Another day, and another particularly nasty argument in the debate over the proposals about to be made by Lord Justice Leveson which nobody actually knows about, this time among the members of the National Union of Journalists (NUJ). The body’s last delegate meeting had endorsed “robust regulation of the press by an independent, accountable body”.
And NUJ General Secretary Michelle Stanistreet added “We believe that if we are to achieve independent, accountable regulation it needs to be underpinned by statute enabling a framework for a new body to be established with clear terms of reference, and a structure that involves journalists and civil society ... This is absolutely not the same as state regulation, far from it. Our model is based on the system in Ireland”.
She has therefore clearly come out against state regulation – but then, so has the Hacked Off campaign. Both are now being subjected to a barrage of abuse and misinformation from a large part of the Fourth Estate, which merely underscores what this blog pointed out yesterday about the possible reasoning behind last Friday’s Guardian editorial – to keep the peace.
The level of debate – or rather, the depths to which it has already sunk – can be seen in an editorial yesterday in the Super Soaraway Currant Bun (and remember, if you want to know Rupert Murdoch’s views, read a Sun editorial). Here, readers are told of “the chilling decision of a union in our own trade to back Stalinist-style State regulation of newspapers ... Government control of the Press”.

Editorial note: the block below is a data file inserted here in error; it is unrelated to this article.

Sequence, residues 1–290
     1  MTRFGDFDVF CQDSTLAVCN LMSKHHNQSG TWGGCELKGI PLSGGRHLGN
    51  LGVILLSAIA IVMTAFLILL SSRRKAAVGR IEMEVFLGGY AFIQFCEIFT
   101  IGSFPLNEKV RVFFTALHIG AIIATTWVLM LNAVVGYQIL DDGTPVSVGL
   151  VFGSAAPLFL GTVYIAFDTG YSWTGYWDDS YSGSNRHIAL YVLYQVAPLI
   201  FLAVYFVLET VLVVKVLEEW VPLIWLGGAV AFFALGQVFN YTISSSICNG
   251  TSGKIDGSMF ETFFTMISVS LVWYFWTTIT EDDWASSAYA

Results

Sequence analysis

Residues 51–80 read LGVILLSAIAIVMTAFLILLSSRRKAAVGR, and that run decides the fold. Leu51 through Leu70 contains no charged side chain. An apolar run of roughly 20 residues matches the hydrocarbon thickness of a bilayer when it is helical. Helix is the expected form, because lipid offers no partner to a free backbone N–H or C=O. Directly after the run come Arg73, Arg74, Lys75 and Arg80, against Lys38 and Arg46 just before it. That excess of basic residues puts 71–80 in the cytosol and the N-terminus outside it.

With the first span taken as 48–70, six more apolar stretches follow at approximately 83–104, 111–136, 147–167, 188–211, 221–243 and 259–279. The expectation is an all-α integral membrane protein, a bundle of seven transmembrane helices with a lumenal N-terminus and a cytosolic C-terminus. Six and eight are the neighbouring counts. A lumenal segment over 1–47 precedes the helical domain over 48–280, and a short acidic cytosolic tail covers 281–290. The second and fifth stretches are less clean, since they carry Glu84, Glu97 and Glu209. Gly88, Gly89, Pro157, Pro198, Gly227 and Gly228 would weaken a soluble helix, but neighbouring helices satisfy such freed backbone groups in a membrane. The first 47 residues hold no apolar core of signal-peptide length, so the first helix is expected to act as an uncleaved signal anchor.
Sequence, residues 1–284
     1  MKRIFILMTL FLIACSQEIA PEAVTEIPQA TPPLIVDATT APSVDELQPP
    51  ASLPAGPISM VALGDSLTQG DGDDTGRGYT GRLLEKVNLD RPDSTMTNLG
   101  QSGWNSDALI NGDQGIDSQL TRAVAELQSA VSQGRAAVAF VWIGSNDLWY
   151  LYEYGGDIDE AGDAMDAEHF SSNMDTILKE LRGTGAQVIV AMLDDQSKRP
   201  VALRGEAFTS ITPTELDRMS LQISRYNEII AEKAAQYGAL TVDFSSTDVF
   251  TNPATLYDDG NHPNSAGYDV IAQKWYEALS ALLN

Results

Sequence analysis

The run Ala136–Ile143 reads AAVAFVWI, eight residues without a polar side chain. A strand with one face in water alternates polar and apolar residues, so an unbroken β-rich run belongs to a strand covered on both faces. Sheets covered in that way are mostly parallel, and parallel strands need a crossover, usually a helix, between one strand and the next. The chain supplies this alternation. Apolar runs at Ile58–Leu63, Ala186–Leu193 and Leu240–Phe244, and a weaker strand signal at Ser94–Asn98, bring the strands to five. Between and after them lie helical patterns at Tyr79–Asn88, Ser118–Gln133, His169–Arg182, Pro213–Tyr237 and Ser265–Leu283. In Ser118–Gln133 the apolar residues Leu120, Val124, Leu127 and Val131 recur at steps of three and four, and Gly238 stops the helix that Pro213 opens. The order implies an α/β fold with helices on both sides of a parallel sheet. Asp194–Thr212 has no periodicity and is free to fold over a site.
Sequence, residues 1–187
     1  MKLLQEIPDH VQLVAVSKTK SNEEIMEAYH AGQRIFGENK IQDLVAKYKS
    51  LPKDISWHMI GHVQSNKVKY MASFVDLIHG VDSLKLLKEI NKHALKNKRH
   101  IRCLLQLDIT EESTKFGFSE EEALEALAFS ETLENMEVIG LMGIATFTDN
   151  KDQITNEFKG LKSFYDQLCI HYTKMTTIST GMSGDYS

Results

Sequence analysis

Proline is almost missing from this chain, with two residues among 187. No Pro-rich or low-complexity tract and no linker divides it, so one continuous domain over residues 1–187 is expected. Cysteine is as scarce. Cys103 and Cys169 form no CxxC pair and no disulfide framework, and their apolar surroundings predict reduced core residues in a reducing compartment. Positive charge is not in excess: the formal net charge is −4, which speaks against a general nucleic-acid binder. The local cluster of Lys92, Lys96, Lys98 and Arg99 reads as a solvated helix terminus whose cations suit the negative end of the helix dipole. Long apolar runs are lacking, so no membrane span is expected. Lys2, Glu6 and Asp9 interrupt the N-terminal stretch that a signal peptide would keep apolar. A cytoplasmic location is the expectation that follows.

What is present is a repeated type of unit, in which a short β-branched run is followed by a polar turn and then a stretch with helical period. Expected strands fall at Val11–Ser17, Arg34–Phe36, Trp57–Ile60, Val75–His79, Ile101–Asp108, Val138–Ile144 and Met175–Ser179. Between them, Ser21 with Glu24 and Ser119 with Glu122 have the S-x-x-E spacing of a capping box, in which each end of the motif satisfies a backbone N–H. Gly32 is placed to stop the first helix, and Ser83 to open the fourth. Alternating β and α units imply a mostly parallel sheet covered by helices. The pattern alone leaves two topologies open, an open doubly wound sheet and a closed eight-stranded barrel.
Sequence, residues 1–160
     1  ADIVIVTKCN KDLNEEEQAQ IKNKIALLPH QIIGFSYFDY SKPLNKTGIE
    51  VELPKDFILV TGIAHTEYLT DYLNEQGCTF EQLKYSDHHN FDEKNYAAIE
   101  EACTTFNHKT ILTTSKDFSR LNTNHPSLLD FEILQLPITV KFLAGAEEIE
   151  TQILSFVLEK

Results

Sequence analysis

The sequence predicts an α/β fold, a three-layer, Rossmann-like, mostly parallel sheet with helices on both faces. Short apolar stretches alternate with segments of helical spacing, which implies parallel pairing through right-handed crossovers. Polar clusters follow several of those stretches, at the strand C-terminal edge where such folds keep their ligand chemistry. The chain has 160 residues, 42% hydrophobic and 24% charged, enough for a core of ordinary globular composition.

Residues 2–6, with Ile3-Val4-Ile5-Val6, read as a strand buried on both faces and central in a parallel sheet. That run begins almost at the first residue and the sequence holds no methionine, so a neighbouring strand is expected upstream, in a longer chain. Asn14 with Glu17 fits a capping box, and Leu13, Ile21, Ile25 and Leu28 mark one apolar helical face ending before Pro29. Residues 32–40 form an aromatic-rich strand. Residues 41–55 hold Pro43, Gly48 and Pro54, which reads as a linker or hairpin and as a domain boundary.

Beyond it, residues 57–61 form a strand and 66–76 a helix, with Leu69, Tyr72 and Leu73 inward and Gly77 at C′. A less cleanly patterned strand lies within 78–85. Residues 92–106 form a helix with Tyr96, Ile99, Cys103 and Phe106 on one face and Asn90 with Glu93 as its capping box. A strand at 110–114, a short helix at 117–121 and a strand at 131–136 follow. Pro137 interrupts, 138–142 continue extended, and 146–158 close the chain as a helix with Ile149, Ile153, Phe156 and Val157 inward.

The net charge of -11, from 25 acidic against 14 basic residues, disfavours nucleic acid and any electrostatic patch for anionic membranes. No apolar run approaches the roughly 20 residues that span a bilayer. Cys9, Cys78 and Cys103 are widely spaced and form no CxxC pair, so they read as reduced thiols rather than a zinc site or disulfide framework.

And, just in case you didn’t take the hint, this would mean “We would end up like Russia, Zimbabwe and Iran, with State stooges and politicians deciding what can or can’t be printed in your Sun ... with journalists facing arrest for disobeying official censors, it would be the end of free speech in our country”. This is hilariously stupid, counter-productive and totally untrue into the bargain.
But it is typical of the howls of protest, screaming denunciation and abusive dismissal of anyone suggesting reform. Some of the lame-brained claim Leveson will stop them being journalists. Those with no experience of working in Ireland claim the model used in Ireland, of which they have no knowledge, is rubbish. Only a small minority messed up. This is a fight, and for the very survival of, er, something.
Or perhaps it’s all a conspiracy to draw attention away from the BBC and Jimmy Savile. Christ on a bike, this is utterly desperate in its sheer paranoia and panic. Leveson’s terms of reference include the preservation of press freedom. Nobody wants to curtail free speech – except those who want to remove the provisions of the Human Rights Act. And who do you think they might be?
The same papers that are now screaming the loudest. More stinking hypocrisy.